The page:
Military sweetens the deal to entice medical students
■ A beefed-up scholarship program now offers a $20,000 signing bonus as well as full tuition and an increased monthly stipend.
Katie Doyle could have borrowed $200,000 to get through medical school. Instead, when she enters Nova Southeastern University College of Osteopathic Medicine in Fort Lauderdale, Fla., this fall, she won't borrow a dime.
Doyle accepted a military scholarship that will pay her tuition, books and other school fees. A monthly stipend will cover living expenses. The scholarship, called the Health Professions Scholarship Program, or HPSP, also comes with a new $20,000 signing bonus.
In exchange, Doyle will serve four years as an Army physician when she completes her medical training.
Medical student enlistment in the armed services through the HPSP has dropped in recent years, but military leaders now hope to turn that situation around.
The Navy began offering the signing bonus in June 2007, followed by the Army in February and the Air Force in April. Military officials believe the $20,000 bonus will encourage other medical students to commit to becoming military physicians.
The scholarship, offered by all three military branches, covers tuition at any U.S. medical school plus school-related fees for textbooks and lab equipment. In exchange, students take officer training during medical school breaks, do a military residency and then practice in the military for four years.
"The HPSP is our primary pipeline for bringing physicians into active duty," said Sandra Yerkes, MD, director of the Navy's HPSP and a retired captain.
It's a mechanism the military can't afford to see falter, with the program supplying 80% to 90% of military physicians, officials said. The recent downturn is most evident in the Navy and Army, which saw steep declines in medical student recruitment in 2005. The Air Force, which historically has exceeded its recruiting goals, saw its first slip in 2007.
In response, Congress authorized the three branches to bolster their recruitment packages, resulting in the $20,000 bonus, along with a $300 hike in the scholarship's monthly stipend, which is now $1,900. The money comes from military appropriations earmarked for medical corps recruitment. In 2007, the Air Force recruited 211 medical school students; the Army, 242; and the Navy, which also recruits for the Marines, 181.
Dr. Yerkes said it's not clear why medical student recruitment is down. It could be this generation of students is less debt-averse. More women are entering medical school, and women are less interested in military service than men.
Students are more likely to enlist if they had a relative in the military, and this is the first generation where students haven't had a parent who served during a world war, Dr. Yerkes said. Conflicts in the Middle East could be a deterrent, said Lt. Col. Curt Prichard, Air Force Recruiting Service officer accessions chief.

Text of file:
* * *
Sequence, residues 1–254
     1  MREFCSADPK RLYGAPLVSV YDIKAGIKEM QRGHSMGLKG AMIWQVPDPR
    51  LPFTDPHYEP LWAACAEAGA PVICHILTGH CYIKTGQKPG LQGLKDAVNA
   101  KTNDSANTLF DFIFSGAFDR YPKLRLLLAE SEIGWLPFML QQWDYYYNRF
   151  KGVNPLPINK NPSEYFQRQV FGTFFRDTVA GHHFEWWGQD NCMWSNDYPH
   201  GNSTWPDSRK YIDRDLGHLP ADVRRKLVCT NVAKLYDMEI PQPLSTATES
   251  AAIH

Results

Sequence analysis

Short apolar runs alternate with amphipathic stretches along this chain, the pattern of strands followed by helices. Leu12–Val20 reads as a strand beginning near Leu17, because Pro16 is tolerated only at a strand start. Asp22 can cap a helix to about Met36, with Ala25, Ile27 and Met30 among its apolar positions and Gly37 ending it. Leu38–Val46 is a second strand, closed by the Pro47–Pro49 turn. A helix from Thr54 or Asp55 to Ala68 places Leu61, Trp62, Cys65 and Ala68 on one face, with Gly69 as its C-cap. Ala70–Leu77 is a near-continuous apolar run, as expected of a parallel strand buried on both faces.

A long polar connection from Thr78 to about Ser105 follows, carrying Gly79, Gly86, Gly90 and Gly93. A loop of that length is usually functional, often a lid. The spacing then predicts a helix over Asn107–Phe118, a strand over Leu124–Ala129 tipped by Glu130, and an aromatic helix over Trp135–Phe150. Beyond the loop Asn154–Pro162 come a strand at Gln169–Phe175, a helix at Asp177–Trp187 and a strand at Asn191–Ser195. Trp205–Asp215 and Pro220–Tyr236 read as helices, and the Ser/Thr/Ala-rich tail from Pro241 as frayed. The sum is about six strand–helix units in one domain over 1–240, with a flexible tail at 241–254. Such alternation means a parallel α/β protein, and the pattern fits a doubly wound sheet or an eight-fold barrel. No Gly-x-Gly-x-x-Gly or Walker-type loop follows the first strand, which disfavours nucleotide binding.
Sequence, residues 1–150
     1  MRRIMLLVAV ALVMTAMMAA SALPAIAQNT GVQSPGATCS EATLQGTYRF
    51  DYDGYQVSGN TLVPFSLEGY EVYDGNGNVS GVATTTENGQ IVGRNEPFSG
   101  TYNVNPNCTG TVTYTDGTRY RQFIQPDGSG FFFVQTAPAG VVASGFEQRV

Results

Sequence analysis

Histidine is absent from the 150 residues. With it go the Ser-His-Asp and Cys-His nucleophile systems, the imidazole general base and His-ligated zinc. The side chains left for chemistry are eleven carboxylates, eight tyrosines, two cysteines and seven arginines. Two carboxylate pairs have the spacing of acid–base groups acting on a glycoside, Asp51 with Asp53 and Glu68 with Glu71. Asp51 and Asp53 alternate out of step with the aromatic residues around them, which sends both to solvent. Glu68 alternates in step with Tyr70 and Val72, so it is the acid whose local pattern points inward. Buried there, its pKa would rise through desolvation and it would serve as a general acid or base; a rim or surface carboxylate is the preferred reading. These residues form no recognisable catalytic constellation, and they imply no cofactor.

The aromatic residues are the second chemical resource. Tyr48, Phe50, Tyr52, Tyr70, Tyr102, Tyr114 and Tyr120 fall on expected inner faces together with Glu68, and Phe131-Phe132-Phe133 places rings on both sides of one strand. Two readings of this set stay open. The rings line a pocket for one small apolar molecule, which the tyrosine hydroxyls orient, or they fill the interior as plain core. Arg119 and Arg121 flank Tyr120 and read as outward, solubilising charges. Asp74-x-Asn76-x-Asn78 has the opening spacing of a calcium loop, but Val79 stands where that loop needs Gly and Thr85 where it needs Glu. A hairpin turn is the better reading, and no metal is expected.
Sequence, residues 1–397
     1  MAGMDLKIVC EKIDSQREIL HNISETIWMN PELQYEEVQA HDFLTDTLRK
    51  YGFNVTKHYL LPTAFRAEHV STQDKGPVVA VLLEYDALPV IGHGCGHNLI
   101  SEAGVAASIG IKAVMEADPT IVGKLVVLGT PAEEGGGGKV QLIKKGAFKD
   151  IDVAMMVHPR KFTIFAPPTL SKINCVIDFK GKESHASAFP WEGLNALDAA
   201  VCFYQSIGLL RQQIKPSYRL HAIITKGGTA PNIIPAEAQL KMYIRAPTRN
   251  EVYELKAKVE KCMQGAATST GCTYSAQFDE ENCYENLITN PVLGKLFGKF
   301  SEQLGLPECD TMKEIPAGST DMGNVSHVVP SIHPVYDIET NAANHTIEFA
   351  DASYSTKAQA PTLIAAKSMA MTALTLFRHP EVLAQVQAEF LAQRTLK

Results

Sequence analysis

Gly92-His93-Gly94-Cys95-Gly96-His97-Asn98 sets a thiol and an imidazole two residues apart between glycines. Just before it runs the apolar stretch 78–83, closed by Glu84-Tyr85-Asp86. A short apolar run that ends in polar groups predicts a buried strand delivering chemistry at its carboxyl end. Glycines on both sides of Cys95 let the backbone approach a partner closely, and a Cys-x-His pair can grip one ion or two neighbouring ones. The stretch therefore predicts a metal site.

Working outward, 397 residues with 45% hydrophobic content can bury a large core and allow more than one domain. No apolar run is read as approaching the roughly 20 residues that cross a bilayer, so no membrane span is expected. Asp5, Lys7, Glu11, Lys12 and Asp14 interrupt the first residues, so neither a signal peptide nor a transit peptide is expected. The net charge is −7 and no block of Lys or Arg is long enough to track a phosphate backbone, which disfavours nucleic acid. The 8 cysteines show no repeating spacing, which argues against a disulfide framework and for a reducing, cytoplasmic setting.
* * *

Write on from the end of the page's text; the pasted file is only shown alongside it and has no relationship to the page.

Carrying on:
"There is no doubt these are challenging times with the war in Iraq and Afghanistan," he said. "The entire global war on terror has challenged the will of Americans and potential applicants."
Col. Rafael Montagno, Army Medical Recruiting Brigade commander, said there was a time when the Army did not do much recruiting for the HPSP, but that's no longer the case.
Rather than wait for applicants to come to them, ad campaigns and face-to-face recruiting are now regular activities for Army medical recruiters. Internet chat rooms, hosted by military physicians and residents, are another avenue for promoting the scholarship, particularly to those already in medical school.
In the Seattle, Wash., area, recruiters take potential applicants on a tour of the Madigan Army Medical Center and set up a panel of physicians to talk about what it's like to be a military doctor.
"It opens up the eyes of a lot of our students who aren't familiar with what the military life is all about," Col. Montagno said.
If applications continue at their current pace, he added, the Army should surpass the number of students recruited last year.
Dr. Yerkes of the Navy said the signing bonus sparked an initial flurry of Navy applicants, followed by a lull she expects will end as students get their medical school acceptance letters. The Air Force said it's too soon to judge the bonus' impact for 2008.
For recruit Doyle, the signing bonus was the tipping point. But it helped that her grandfather was an Army pediatrician and that she had a friend in nursing school on an Army scholarship.
Still, it was hard to grasp the ramifications of her commitment. "It's eight years away," she said of her military service. "I hope we're not still at war then, but somebody has to take care of people who get injured. It scares me a little bit, but not enough to make me not want to do it."